Senator Brunstetter Wants State To Consider Consolidating UNC School System

5:40 PM, Mar 22, 2013   |    comments
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Piedmont Triad, NC -- Senator Pete Brunstetter is getting some push-back for comments he made about the University of North Carolina school system.

The senator says the state should consider closing down some of the UNC schools to save money.

"I think our members definitely envision that there could be some consolidation between campuses, and we might need to go from 16 down to 15, 14, something like that," Brunstetter was quoted as saying while lawmakers were reviewing Governor Pat McCrory's budget proposal for the 2013-2014 fiscal year. 

The governor proposes a funding cut of $135 million from the UNC system.

Read: Budget Cuts Could Jeopardize Some UNC Campuses

The comments have caused groups like the North Carolina Democratic Party and Progress NC to release statements expressing disappointment.

The North Carolina Democratic Party chair wrote, "at a time like this, when our economy is on the rebound, the last thing that we should think about doing is limiting our students' educational opportunities."


Progress North Carolina also sent the station a statement which said in part, "there is no better way to destroy a local economy than to close a college campus."

But in light of criticism, the senator is not backing down.

Friday, he explained to WFMY News 2 that the question of whether any UNC campus should be closed is a tough one, but still deserves to be discussed.

"What senate members want to see is they want to see a good, hard, honest look at does it still make sense to run a 16-campus system. And does that give us our best product," Brunstetter said.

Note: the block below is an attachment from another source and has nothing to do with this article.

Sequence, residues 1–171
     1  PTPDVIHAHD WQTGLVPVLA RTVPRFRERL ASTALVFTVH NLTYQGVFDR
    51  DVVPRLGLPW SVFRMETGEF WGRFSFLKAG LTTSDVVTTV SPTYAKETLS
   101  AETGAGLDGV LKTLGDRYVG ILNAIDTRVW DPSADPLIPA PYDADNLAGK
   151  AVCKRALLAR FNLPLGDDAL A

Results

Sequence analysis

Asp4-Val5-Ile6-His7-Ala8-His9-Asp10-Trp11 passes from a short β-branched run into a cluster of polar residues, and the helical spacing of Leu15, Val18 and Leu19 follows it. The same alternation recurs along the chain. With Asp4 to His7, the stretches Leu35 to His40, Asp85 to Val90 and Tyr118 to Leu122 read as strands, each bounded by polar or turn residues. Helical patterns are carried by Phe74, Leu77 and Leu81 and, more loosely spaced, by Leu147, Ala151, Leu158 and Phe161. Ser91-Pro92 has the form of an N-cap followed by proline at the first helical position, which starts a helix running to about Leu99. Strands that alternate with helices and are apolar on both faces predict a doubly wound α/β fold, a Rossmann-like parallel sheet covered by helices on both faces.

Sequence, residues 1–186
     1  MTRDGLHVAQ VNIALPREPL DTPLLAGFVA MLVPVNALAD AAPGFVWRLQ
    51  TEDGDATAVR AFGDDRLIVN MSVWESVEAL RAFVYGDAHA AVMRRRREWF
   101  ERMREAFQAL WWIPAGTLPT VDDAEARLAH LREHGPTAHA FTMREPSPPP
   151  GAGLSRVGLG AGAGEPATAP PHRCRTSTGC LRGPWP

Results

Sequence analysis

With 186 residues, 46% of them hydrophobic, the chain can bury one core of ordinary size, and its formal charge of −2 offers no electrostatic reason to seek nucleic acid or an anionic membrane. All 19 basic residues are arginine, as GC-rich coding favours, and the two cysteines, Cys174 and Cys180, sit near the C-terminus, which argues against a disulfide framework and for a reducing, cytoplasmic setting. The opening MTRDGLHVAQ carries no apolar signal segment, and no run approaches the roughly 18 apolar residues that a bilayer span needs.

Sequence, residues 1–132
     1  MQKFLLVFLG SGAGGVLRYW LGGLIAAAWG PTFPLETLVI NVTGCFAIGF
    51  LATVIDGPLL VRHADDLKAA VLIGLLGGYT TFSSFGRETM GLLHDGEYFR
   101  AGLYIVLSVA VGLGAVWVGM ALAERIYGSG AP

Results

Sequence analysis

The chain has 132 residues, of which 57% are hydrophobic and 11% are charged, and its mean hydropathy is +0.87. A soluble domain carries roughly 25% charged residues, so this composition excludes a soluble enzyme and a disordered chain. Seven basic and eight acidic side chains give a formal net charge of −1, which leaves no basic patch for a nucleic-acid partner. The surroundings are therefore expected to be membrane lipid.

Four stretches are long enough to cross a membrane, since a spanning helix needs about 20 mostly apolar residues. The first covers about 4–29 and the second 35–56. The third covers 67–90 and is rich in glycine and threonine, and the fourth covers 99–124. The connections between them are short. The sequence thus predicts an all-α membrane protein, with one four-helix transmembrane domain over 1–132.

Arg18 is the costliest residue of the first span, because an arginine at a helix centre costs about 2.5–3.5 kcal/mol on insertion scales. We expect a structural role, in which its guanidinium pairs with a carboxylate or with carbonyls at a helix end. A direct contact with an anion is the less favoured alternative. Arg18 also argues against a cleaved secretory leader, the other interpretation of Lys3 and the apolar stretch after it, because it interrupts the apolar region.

At this time, Brunstetter says no specific schools are targeted and, in fact, even if the legislature were to agree to consolidate any of the UNC schools to save money, according to the lawmaker, Piedmont Triad UNC schools may be safe.

Brunstetter says he doesn't see any of the four campuses in the Triad (WSSU, UNCG, NC A&T and UNC School of Arts) closing because they are "performing well."

But the senator says a critical look at how the individual UNC schools across the state are doing and the possibility of closing down a few campuses should not be ruled out.

"By having fewer infrastructures that you're supporting, you can potentially keep your cost down enough so that you can keep tuition low," he said.

Representative Marcus Brandon from Guilford County called the idea "silly," explaining that such a move could be detrimental.

"What you're doing is you're just devastating towns. This is not just like, OK, you can take a school away. It's a whole engine for a lot of communities," Rep. Brandon said, explaining that the UNC system has already had to make severe budget cuts and reducing funding further or closing some campuses could cause a negative ripple effect through the state.

"How many people would go unemployed? How many people would go into the unemployment system? Would go into our Medicaid system? All of these things you have to take into account," he said.

Brunstetter has not yet presented a formal proposal. He says at this point, his comments are just an idea.

If and when he does formally introduce the idea, it would need to be studied and reviewed.

He says perhaps the Board of Governors could take that on or a provision to study the UNC system could be included in next year's budget.

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